Saturday, 25 October 2014

The Engineer
22 October 2004

  • BorgWarner buys Beru

    3 Nov 2004

    BorgWarner is to purchase approximately 63% of the outstanding shares of German-based Beru from its major shareholders for $476 million.

  • Four way split

    2 Nov 2004

    Analog Devices has introduced an active RF splitter IC that uses a four-way signal-splitting technology to resolve design challenges in multi-tuner cable set-top boxes.

  • Towed array

    2 Nov 2004

  • Space: the final farce

    27 Oct 2004

    NASA's $250m Genesis space probe smashed into the Utah desert last month because switches designed to detect re-entry into the Earth's atmosphere and trigger its parachutes were installed backwards.

  • Grid middleware

    26 Oct 2004

    A new middleware package which will take grid computing out of research laboratories and into industry was pre-released yesterday by the Open Middleware Infrastructure Institute.

  • Recovery hit

    26 Oct 2004

  • Azipod takes off

    25 Oct 2004

  • Colour, plastic and cheap

    25 Oct 2004

    HP Laboratories in Bristol has developed a prototype of a display that is bistable, colour, plastic and is made by an imprinting and lamination processes.

  • High-speed valve hits the road

    25 Oct 2004

  • Magnetic fields

    25 Oct 2004

    Offshore Hydrocarbon Mapping almost trebled its turnover to £4.7m in the year to August and turned a £360,000 loss into a £400,000 pre-tax profit.

  • Full steam ahead

    22 Oct 2004

    First bitten by the speed bug when he worked on the land speed record breaking Thrust II vehicle, Glynne Bowsher can now bring this passion to his long-running interest in steam power.

  • Turning the heat on water

    22 Oct 2004

    Hydrogen to fuel cars, industry and homes could be produced cleanly and, crucially, economically using the heat generated by nuclear power stations, US researchers claim.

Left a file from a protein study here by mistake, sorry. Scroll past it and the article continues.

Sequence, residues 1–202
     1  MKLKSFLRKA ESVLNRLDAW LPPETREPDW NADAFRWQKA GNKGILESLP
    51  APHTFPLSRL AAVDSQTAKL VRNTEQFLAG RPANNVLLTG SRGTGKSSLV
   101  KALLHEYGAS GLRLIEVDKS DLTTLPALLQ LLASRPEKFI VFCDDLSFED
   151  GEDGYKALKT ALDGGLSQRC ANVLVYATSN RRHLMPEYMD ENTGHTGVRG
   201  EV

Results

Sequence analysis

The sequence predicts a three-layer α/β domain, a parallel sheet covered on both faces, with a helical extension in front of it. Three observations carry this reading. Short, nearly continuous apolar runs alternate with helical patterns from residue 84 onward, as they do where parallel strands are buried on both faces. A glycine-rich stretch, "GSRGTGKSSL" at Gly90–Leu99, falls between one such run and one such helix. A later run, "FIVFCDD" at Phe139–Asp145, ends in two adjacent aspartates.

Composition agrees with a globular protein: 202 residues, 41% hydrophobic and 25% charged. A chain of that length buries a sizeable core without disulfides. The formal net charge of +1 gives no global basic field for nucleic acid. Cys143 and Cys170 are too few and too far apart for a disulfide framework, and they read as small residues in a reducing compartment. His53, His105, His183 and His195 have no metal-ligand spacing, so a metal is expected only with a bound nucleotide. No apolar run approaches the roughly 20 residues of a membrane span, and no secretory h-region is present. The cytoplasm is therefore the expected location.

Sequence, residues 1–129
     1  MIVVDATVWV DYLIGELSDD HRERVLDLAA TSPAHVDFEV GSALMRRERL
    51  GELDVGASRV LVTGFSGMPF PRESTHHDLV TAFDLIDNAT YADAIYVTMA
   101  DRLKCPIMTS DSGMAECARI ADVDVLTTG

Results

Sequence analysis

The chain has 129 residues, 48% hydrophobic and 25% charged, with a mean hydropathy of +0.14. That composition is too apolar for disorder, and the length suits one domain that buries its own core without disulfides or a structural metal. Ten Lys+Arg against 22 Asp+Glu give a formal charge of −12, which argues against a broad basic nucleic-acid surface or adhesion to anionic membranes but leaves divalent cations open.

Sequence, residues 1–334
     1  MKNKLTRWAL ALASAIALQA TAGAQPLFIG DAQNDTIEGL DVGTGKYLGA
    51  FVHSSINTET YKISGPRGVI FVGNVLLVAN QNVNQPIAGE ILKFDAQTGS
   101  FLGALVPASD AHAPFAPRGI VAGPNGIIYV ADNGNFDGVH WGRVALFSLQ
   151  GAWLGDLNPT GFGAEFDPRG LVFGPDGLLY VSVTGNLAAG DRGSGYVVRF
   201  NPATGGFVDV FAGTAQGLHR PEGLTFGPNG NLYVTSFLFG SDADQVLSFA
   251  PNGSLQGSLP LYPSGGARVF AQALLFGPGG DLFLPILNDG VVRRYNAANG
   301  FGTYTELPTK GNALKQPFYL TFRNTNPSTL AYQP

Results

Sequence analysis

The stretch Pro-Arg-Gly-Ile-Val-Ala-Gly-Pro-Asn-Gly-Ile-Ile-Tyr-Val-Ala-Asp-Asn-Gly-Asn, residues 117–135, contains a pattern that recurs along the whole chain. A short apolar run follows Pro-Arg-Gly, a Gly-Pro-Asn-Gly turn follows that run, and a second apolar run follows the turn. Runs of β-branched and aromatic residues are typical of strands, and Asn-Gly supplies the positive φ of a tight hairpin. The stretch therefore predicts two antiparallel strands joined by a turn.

• Gamma-ray vision

    22 Oct 2004

  • Waste not, want not

    22 Oct 2004

    Materials that efficiently convert waste heat to electricity could soon be used to save energy in cars and around the home thanks to researchers at BASF in Germany.

  • Oh, for the wings of an insect

    22 Oct 2004

  • Weight watchers

    22 Oct 2004

    A European research consortium has announced a breakthrough in cutting the weight of cars by producing and testing a full-scale carbon fibre floorpan.

  • Terahertz tagging

    22 Oct 2004

  • Deflecting the issue

    22 Oct 2004

    Electrostatic shield generators to protect astronauts and lunar bases from space radiation are being developed in the US with funding from NASA.

  • The power of magnetism

    22 Oct 2004

  • NASA scramjets starved of oxygen

    22 Oct 2004

    As the US space agency prepares for its fastest-ever hypersonic flight, political pressure means its research is to be shelved in favour of Moon and Mars missions. Julia Pierce reports.

  • On the right track

    22 Oct 2004

  • Drop the pilot

    22 Oct 2004

    The government needs to stop dithering about the next generation of fighter aircraft, or the UK is in danger of being left behind technologically. Many believe the future is unmanned.

  • Friendlier reactions

    22 Oct 2004

    The days when simply adding filters to a chemical plant's waste pipes was considered an environmentally friendly act are long gone. Nowadays the focus is on the process steps themselves. Stuart Nathan reports.

  • Human endurance

    22 Oct 2004

    Engineers and scientists are co-operating more closely in the hunt for robust, cost-effective materials to produce artificial replacements for the human body which do not trigger rejection. Andrew Lee reports.

  • Joined-up composites

    22 Oct 2004

    Plans to build on the UK's strength in composites technology include the setting up of a national network to disseminate knowledge and link research and development with industry.

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